#198 The Color Purple
(1985, Steven Spielberg)
“I think it pisses God off if you walk by the colour purple in a field and don’t notice it”
Steven Spielberg has appeared numerous times on this blog before, and based on what we’ve seen, many would be able to guess the types of films he makes – either over-the-top blockbuster movies (usually with a science fiction aspect) or movies about World War II – so it may come as some surprise to find that he once made a drama about the trials and tribulations of black women in the South.
Based on a highly-acclaimed novel by Alice Walker, The Color Purple is also Whoopi Goldberg’s first major movie role. She plays Celie Harris, a young black woman living in the South of the United States in the early 20th century, not really the best place and time to be a black woman, as the movie proves. Regularly sexually abused by her father from a young age, she ends up forced into a marriage to a wealthy widower named Albert Johnson (Danny Glover), who she just knows as “Mister”. After Albert cuts her off from her sister, Celie becomes withdrawn and subservient.
However, over time two stronger women enter her life. Albert’s son Harpo (Willard E. Pugh) marries an aggressive woman named Sofia (Oprah Winfrey) and Albert openly attempts to pursue an affair with jazz singer Shug Avery (Margaret Avery), both of whom Celie develops friendships with. These two women have a profound influence on Celie, helping her to discover an inner strength she never had before.
I’ll admit that I thought I’d hate this movie. The little I knew about it made it seem like it was going to be a cloying “racism is bad” piece. However, I was met with a genuinely human movie that was handled in a way that I never expected. On paper the movie sounds ridiculous, since we have a well-known white male director covering the struggles of black women, but Spielberg pulled it off surprisingly well.
The Color Purple is long and slow, but it is well-paced with it. The movie wastes absolutely no time informing us of how bad Celie’s life is, since it opens with a very timid narration where Celie flatly tells us that her father has raped her on numerous occasions and that she’s had two children from it. This shocking opening pretty much sets the tone for the entire movie, since there is always a struggle for Celie or her friends at every turn. Even when things appear to get better, there’s always a sense that every silver lining has a cloud.
At times things can seem a little overbearing, with the movie trying too hard to be sentimental to make us feel sorry for Celie’s plight. Some things seemed unbelievable and others downright silly, but somehow the overall product holds together.
At the centre of all of this is Goldberg herself. I’m used to her work that followed this movie, where she’s known for being loud and fierce, so to see her here was a genuine surprise. She spends 95% of the movie being meek and subdued, and she played her part so well it was hard to see her as Whoopi Goldberg. She didn’t just play Celie, she was Celie, and this was what made everything else in the film fall into place.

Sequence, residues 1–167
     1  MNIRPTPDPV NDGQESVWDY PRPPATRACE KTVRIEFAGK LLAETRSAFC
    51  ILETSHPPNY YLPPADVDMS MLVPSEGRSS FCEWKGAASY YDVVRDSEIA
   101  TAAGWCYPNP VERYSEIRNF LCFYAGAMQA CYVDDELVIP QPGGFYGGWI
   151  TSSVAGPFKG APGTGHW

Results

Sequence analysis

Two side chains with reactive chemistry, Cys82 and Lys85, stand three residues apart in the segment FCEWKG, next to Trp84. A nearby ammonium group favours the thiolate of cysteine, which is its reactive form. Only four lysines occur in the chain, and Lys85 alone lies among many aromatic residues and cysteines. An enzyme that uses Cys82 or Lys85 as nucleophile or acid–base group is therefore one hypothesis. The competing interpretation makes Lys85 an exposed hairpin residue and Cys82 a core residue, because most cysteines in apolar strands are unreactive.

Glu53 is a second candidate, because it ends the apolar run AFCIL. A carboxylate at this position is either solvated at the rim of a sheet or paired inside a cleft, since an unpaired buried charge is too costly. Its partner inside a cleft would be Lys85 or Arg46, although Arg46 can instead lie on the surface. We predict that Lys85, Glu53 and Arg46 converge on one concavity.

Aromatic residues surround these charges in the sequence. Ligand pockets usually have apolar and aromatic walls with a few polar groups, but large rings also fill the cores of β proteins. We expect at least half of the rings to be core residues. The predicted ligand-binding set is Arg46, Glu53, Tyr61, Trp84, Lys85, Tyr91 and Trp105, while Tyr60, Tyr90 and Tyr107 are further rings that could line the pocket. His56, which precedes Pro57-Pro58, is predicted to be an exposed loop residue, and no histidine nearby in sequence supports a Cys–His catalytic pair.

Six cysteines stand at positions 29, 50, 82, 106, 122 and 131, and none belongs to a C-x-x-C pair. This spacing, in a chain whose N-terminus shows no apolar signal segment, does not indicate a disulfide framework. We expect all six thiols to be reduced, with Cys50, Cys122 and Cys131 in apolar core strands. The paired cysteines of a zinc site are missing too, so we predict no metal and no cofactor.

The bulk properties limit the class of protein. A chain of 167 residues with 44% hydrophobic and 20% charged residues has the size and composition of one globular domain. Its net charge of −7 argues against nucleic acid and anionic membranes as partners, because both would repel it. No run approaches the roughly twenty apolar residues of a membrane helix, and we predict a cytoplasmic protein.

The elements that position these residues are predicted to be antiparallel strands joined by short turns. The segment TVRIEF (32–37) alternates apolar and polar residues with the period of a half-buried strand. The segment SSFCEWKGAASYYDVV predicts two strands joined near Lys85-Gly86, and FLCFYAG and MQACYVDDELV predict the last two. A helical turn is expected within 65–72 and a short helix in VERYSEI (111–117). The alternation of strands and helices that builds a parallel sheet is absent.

As such, whenever Celie suffers, we feel sad, and when she eventually strikes out, it’s hard not to cheer at her success. Her joy in the later stages of the movie isn’t just happiness, it’s the kind of joy experienced by someone who’s never been allowed to experience joy in her life. Spielberg may have directed the movie, but it’s Goldberg who was really in charge.
The Color Purple isn’t perfect though. Aside from the aforementioned over-sentimentality and simplification of some of the central issues at times, there are moments where things feel poorly adapted from the original novel.
One major aspect was a hinted-at lesbian affair between Celie and Shug. The novel delves into this subplot in greater detail, and it feels like an afterthought in the movie. There are a handful of scenes which hint towards it, but they feel out-of-place and are unresolved, leaving whopping great plot strands flapping about. This should have either been greatly expanded or Spielberg should have just dropped the hinting scenes entirely.
There are also occasional issues with the score. Early on, after Celie has told us about the incestual rape she’d endured, the soundtrack immediately plays a jaunty soundtrack that feels far too happy. It’s not a persistent issue, as the score generally fits into place later on, but some of these earlier slip-ups do threaten to derail some scenes.
That aside, The Color Purple is a tear-jerker of a movie that, although simple at times, has a genuine heart and I have to applaud Spielberg’s efforts here. It surprised me, it moved me and it was a good, entertaining watch.
Starring Danny Glover, Whoopi Goldberg, Margaret Avery, Oprah Winfrey, Adolph Caesar & Rae Dawn Chong
Written by Alice Walker (novel) and Menno Meyjes
Produced by Steven Spielberg, Kathleen Kennedy, Frank Marshall & Quincy Jones
Music by Quincy Jones
Cinematography by Allen Daviau
Edited by Michael Kahn
Favourite Scene: When Celie finally fights back against her husband, backing him into a corner
Scene That Bugged Me: Celie and Shug kiss. This is never expanded on or alluded to ever again. Had to do research on the novel to find out what all that was about.
Watch it if: You’re looking for a good drama about racial issues
Avoid it if: You don’t like it when major subplots are alluded to but not expanded on
Posted on July 3, 2013, in 1980s, Drama and tagged alice walker, black woman, danny glover, frank marshall, kathleen kennedy, margaret avery, movies, oprah winfrey, quincy jones, racial issues, south, steven spielberg, the color purple, whoopi goldberg. Bookmark the permalink. Leave a comment.